If you have any questions/comments, feel free to leave them below thanks!


Happy Trails!

Jeff
http://barefootinclined.com
barefootinclined@gmail.com


Oh! one more thing... I can't forget my friend Rob Sanchez, who I saw on the trail several times (once handing out SunRype bars!).  He took a pic of me as I climbed Mt Carbon, and when I saw it, it looked familiar.. then I realized why :-)


13 comments:

Mark Lofquist said...

OK I got something in both my eyes while reading this. Nice write up. Nice work. It was an honor to have been a part of it.

Becka said...

Great recap! I know the agony of lap 3. The "beat down" - so true! Great job in unbearably hot condiitons!

Elaine Badejo said...

Fantastic write up. It felt like I was there. Thank you for being a continual source of inspiration for me. I can't wait to reach these sort of milestones in my running career and share my stories with you!! Congrats!!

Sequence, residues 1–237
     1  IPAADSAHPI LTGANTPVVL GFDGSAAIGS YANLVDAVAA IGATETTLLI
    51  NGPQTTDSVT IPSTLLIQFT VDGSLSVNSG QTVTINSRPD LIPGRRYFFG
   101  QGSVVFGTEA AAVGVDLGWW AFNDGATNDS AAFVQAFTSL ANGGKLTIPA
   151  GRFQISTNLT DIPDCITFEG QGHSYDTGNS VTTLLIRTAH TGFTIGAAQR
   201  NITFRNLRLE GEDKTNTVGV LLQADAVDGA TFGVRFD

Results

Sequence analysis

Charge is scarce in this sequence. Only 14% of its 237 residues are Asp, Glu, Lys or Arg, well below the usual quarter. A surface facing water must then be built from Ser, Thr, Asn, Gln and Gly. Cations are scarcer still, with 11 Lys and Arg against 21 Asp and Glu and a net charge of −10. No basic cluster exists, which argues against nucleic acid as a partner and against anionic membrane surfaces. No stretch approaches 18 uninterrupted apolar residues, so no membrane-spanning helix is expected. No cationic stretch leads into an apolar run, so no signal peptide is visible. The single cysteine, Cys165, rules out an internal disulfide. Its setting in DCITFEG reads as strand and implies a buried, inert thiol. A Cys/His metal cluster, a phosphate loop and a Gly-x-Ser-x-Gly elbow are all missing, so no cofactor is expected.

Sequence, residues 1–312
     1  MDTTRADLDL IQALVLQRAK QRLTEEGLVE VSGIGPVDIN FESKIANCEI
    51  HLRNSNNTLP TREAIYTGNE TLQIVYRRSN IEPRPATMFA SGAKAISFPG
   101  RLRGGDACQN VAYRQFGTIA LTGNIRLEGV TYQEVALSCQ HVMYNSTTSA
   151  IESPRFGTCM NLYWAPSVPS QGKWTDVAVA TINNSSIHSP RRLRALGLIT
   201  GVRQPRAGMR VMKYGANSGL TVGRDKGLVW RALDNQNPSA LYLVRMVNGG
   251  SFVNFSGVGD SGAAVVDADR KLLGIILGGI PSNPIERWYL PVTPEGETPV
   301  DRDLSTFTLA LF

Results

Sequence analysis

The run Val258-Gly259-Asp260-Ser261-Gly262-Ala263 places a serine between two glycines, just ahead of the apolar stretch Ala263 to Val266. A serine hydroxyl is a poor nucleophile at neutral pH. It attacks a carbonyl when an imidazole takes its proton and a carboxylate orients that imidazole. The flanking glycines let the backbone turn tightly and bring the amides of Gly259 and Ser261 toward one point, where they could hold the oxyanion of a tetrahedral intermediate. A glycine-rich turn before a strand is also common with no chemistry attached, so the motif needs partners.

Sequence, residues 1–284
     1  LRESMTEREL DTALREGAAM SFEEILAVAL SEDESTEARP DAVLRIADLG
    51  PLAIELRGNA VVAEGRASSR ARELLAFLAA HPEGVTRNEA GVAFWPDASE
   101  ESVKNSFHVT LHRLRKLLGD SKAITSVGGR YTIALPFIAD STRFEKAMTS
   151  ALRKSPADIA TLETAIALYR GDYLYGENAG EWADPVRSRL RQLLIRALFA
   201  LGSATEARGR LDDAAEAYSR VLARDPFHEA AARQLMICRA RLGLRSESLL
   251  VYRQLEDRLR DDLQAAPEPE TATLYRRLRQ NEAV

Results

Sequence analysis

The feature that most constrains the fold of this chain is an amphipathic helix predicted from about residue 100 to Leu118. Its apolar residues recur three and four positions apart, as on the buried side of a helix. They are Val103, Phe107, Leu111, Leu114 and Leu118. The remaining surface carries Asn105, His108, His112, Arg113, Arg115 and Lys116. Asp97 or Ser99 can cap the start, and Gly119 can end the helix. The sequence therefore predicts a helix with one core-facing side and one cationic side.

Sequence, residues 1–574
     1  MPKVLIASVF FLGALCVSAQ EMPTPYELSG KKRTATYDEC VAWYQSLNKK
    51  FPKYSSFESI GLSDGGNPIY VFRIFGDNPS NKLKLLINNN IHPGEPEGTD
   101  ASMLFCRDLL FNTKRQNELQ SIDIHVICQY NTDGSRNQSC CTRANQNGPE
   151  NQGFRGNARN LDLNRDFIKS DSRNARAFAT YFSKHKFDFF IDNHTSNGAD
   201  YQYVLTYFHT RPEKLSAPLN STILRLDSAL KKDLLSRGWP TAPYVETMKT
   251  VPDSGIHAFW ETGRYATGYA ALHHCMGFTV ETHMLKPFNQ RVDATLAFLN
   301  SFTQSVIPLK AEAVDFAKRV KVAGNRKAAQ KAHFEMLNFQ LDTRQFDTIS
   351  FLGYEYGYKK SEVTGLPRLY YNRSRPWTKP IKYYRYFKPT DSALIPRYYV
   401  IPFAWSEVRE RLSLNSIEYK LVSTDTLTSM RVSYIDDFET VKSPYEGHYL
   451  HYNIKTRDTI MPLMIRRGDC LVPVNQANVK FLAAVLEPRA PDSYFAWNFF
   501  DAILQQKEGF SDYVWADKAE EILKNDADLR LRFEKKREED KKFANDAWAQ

Adventure Bob said...

Killer write up! Thanks for the inspiration Jeff!

Heidi Nicole said...

Awesome recap -- it was brutal out there, even in the shade of the AS tent so I'm seriously impressed!

And glad to be off assistance with the brain freeze -- made you forget how much it sucked, right?! ;)

Jeff Gallup said...

The honor was mine! Looking forward to doing that again sometime :-)

Jeff Gallup said...

You too! You killed it out there.. congrats!

Jeff Gallup said...

Thanks Elaine! I can't wait hear your stories when you make the leap next year!

Jeff Gallup said...

Thanks Bob!

Lorraine Heyes said...